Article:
During my recent readings into Leviticus, I noticed a difference between the Masoritic Text and that of the Septuagint.
|Then the LORD spoke to Moses, saying, “You shall also say to the sons of Israel: ‘Any man from the sons of Israel or from the aliens sojourning in Israel who gives any of his offspring to Molech, shall surely be put to death; the people of the land shall stone him with stones.
(Lev 20:1-2 NASB)
|And the Lord spoke to Moyses, saying: You shall also speak to the sons of Israel: If any of the sons of Israel or of the guests who have come in Israel – whoever gives any of his offspring to a ruler, by death let him be put to death; the nation in the land shall stone them with stones.
(Lev 20.1-2 New English Translation of the Septuagint)
The Greek reads,
καὶ τοῖς υἱοῖς Ισραηλ λαλήσεις ἐάν τις ἀπὸ τῶν υἱῶν Ισραηλ ἢ ἀπὸ τῶν προσγεγενημένων προσηλύτων ἐν Ισραηλ ὃς ἂν δῷ τοῦ σπέρματος αὐτοῦ ἄρχοντι θανάτῳ θανατούσθω τὸ ἔθνος τὸ ἐπὶ τῆς γῆς λιθοβολήσουσιν αὐτὸν ἐν λίθοις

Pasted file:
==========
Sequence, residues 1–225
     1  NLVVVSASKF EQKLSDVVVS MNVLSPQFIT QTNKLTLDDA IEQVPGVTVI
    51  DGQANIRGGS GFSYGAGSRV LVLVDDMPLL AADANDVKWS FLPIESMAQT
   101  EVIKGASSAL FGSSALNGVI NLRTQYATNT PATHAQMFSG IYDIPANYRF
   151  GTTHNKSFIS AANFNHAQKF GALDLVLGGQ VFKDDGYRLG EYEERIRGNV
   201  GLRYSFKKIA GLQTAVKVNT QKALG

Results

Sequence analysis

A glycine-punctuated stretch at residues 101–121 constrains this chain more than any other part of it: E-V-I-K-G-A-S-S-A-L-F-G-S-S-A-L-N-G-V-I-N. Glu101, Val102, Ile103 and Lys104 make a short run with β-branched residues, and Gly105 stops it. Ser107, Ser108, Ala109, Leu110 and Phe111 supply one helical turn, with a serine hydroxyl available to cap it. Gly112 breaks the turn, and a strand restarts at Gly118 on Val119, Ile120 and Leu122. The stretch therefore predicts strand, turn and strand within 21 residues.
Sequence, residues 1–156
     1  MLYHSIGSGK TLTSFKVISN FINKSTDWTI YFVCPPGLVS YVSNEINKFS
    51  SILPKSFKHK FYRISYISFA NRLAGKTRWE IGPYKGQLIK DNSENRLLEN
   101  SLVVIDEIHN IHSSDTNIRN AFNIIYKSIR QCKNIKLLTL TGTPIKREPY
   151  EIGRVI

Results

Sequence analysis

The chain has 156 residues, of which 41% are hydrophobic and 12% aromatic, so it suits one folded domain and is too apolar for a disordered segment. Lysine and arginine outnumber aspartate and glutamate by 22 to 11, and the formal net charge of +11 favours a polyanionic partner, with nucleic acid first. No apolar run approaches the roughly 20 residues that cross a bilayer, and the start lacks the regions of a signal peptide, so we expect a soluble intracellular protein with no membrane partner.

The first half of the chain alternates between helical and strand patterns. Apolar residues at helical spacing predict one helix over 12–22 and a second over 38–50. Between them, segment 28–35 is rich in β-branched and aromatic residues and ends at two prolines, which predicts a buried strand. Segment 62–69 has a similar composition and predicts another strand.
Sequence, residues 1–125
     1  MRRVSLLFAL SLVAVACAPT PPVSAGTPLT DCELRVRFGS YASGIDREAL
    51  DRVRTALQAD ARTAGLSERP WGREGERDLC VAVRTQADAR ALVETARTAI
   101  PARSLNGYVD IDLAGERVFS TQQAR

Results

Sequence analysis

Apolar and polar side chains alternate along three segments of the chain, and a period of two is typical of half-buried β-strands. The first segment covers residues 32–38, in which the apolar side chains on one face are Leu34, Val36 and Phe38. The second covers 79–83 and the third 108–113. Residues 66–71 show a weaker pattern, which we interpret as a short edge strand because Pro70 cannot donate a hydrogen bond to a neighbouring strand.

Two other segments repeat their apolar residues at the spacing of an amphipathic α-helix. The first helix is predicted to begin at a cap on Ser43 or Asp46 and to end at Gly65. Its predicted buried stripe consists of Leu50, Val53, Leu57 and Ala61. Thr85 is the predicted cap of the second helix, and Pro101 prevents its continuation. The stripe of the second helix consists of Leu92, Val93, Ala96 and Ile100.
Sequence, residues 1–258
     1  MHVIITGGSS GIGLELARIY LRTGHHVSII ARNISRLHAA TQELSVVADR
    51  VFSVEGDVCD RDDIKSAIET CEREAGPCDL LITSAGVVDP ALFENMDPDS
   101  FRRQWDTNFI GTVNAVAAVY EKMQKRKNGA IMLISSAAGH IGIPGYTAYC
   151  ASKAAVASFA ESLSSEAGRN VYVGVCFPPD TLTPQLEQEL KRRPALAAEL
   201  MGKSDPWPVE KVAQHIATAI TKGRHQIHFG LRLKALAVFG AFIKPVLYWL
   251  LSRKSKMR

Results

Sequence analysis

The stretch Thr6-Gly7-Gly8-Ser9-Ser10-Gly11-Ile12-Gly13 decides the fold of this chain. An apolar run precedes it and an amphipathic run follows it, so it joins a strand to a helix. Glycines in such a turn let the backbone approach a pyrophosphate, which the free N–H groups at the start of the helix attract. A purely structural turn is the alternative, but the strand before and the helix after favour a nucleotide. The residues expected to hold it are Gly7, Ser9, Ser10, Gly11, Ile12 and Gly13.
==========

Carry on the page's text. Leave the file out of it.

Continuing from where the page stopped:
The bold word is ruler. The Orthodox Study Bible translates this passage as ‘to worship a ruler’, although I am not sure where they get ‘worship’ from.
I can understand the Molech bit, with its connotation of child sacrifice. But in my opinion, the passage in the Greek becomes more about idolatry, and more than that, nationalistic idolatry. We read in Deuteronomy that a King would require the sons of the people in his army, but this is counseling against giving children to a ruler. Could this translation choice be directed towards Jews serving in either Ptolemy’s or the Roman armies of the time?
What do you think? How far off am I?